If you try to envision digital asset management (DAM) in 15 years time, you’ll soon realise that it can’t be separated from current trend trajectories.
Essentially, the industry is set to follow the same predicted changes that will transform technology, media and culture generally.
Here are seven predictions for DAM in 2030.
1. DAM interfaces will change dramatically
Imagine a virtual reality DAM interface that lets you browse through your assets as if you’re in an actual library. Or a holographic interface where you can swipe through the air and make voice commands. DAMs won’t necessarily remain a flat, screen-based experience – by 2030, users could be interacting with their systems in totally new ways.
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2. New types of assets will become prominent
With virtual reality, augmented reality and holograms, we’re going to see the rise of a whole new set of digital assets. This could even include relatively under-the-radar innovations like ‘digital scents’ – odours that can be transformed into code and stored on devices, and which could prove popular with lifestyle brands. If DAM developers want to stay ahead of the game, they need to be anticipating these shifts right now (unless we want a repeat of the industry lag that occurred with video).
3. Artificial intelligence will transform DAM
Machine learning will allow DAMs to understand both their assets and their users better. People will no longer have to spend hours uploading, tagging and categorising assets – DAMs will take care of this themselves. Sophisticated visual recognition systems will identify subjects, people, locations, facial expressions and much more. This is already possible now, of course, but nothing compared to what we’ll see. What’s more, artificial intelligence will be able to predict users’ needs based on past behaviour, creating a more fluid, intuitive experience.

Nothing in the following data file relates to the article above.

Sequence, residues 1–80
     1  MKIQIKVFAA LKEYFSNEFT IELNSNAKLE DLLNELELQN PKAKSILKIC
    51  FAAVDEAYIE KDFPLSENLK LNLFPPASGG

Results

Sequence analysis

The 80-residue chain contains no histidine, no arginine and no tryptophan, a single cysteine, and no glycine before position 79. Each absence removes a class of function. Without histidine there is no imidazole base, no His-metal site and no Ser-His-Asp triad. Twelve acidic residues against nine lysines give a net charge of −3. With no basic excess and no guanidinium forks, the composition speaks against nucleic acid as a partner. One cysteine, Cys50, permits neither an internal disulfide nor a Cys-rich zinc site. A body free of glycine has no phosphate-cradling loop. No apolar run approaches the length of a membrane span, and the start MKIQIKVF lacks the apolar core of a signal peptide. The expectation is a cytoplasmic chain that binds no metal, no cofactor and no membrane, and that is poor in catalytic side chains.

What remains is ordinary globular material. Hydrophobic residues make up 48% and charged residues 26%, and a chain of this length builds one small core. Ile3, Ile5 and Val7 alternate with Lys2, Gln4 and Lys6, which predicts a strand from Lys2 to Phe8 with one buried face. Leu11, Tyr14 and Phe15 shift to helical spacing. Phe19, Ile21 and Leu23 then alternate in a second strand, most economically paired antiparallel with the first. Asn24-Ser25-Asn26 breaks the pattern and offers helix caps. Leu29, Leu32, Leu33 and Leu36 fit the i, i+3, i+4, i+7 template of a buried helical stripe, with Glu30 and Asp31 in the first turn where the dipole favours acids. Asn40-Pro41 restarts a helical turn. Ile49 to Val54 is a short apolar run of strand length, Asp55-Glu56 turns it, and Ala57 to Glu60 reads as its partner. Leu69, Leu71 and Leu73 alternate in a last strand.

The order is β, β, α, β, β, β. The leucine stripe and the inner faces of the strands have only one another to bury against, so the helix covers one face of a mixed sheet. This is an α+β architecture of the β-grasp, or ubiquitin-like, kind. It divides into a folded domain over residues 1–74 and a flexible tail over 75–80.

4. Users will demand streamlined simplicity
As DAM systems acquire more and more features, there’s a risk that they’ll become overwhelming to users. The result? Stripped down, easy-to-navigate interfaces will be key selling points. Think minimalist aesthetics and intuitive interfaces, with all the complexities tucked neatly away beneath the bonnet.
5. Big data integrations will provide business intelligence
Big data in DAMs will enable users to make better decisions (and also demonstrate ROI). Current systems can provide metrics on the popularity of assets – for instance, how often an image has been downloaded. But we’ll see a whole new layer of analytics, such as marketing intelligence on how audiences engage with digital collateral.
How will this be achieved? By integrating DAMs with content delivery applications, making it possible to track how assets perform across channels, such as the number of likes on Facebook or conversion rates.
And as metrics become integrated with machine learning capabilities, DAMs will even help users to make decisions about which assets to share on particular channels. It may even reach the audience intelligence level, with DAMs mining data of social media followers to identify the kind of content they might like.
6. Assets and software services will be decentralised
This might seem strange, given that most DAM applications are billed as ‘centralised storage’ systems for your digital assets. However, the trend in software, hosting and storage is now moving away from single servers and monoliths towards distributed systems. Microservices will become the defacto software architectural style and cloud hosting may even be superseded by ‘fog-hosting’, a form of decentralised networking that could bring greater efficiency of hosting, improved user experience and reduced pressure on networks.
7. The invisible DAM
So far we’ve been talking as if DAM in 2030 will still be DAM as we know it right now – a software application in its own right. It’s likely that the future of DAM lies in partnership, integration and interoperability. The result? Digital asset management could move from being a discrete system to a discreet system – an invisible function of a wider ecosystem of integrated software.
We may not even call it DAM anymore. That’s because when DAM started out, it was all about the media library – the storing, cataloguing and sharing of assets. But right now we’re in the middle of an evolutionary shift from media library to media hub. This means it will become the norm for DAMs to be integrated with other software, including design, content management and workflow systems. In short, un-siloed digital asset management combined seamlessly with applications for sales, marketing, design and everything else (kind of like an asset operating system).
Sourced from Martin Wilson, a technology trends commentator and founder of digital asset management solution Asset Bank